Wires Crossed #97 – August 24

Jobs Makes Promise He Can’t Keep?
This goes under the “believe it or not” category. A former ‘confident’ and ‘close advisor’ of former CEO of Apple, Steve Jobs, claims he was promised a job for life by the late co-founder of the company. Wayne Goodrich says that although the company says it got rid of him in December 2011 for business reasons, he believes it’s more to do with them having to pay him out restricted stock he says he was promised. Although Goodrich claims the job-for-life promise was made in 2005, sceptics says the offer was never made, or that such as offer no longer merits consideration.

Microsoft Gets Money Back From Facebook Investment
Just over five years ago Microsoft invested $240 million in a fledgling social networking site called Facebook. This gave the software giant a 1.6 percent stake in the company, but more importantly, gave Mark Zuckerberg’s start up the kind of legitimacy that Silicon Valley entrepreneurs only dream of. Fast forward to 2012, and it has been reported that Microsoft has offloaded 20 percent of those shares not long after Facebook went public, giving it a $249 million windfall. Not only is that a $9 million profit, but they still have 80 per cent of their shares in the company. Of course, we won’t mention that the share price has almost halved since then, but hey, Microsoft can’t complain.

LG’s Battery Powered TV
When we first read about this we did a double take. According to a report from a Nigerian television website, LG has released a battery-powered television in the Nigerian marketplace. The company believes that there is a market for the unit due to the unreliable nature of the Nigerian power grid, which is prone to frequent blackouts. What we would love to know (if this isn’t a hoax) is the battery life of such a television set. According to the article, the battery will last about as long as a football match, which is not long at all. It also comes with an in-built surge protector. We’re sceptical to say the least.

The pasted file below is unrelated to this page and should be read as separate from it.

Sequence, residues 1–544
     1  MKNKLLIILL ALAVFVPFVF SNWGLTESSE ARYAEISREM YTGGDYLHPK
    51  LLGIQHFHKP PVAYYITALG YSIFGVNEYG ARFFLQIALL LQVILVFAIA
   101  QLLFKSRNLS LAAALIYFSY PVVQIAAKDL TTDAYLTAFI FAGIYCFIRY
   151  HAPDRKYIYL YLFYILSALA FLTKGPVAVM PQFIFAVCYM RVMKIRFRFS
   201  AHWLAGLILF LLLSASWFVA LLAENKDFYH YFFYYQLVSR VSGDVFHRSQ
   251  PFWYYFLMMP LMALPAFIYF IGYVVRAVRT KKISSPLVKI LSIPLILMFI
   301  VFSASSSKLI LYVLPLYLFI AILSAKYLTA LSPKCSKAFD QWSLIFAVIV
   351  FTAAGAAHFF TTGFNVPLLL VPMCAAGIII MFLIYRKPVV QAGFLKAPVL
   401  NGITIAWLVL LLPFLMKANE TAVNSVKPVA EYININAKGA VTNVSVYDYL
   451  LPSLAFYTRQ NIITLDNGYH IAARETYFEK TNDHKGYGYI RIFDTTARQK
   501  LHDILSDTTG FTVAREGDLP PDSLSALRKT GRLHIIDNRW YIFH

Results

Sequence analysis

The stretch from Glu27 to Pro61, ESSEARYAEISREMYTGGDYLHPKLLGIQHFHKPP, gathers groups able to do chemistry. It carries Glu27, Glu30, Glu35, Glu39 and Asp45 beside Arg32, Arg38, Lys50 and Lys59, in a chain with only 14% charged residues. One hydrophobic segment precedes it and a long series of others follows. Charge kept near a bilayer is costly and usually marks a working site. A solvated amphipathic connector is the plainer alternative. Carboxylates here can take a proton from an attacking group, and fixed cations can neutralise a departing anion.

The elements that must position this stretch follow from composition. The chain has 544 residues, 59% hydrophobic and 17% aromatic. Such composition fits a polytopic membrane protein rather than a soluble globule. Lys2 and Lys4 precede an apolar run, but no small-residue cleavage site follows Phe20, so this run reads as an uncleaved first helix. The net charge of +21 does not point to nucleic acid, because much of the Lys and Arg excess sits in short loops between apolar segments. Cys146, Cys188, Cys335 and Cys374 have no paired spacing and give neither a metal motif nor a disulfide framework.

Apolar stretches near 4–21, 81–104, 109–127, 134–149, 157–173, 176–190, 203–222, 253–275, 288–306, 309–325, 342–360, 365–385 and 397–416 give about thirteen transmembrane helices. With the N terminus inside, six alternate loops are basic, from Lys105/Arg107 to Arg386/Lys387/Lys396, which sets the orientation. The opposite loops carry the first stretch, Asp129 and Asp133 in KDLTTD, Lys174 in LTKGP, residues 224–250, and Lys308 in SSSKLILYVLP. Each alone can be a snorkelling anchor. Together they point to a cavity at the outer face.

Facebook Lawsuit HitsThe Skids
A deal that would see Facebook users get little or no money over the company’s Sponsored Stories program has hit the skids after a US Federal judge put the brakes on the deal. It seems that the big winners in the outcome would be the lawyers, and not the plaintiffs. At its most basic, these Sponsored Stories ads turn the act of pressing the ‘like’ button for a product or service that is on the site into an endorsement. Adults cannot opt out of the service, but that is not the main issue. How monies distributed from the program is, and it appears the lawyers representing plaintiffs who are set to get a payout from Facebook over using these endorsements are set to get the biggest payout.  Judge Richard Seeborg, from San Francisco, who is hearing the case, doesn’t think this fair. Neither do a lot of the smaller plaintiffs in the case. Watch this space.

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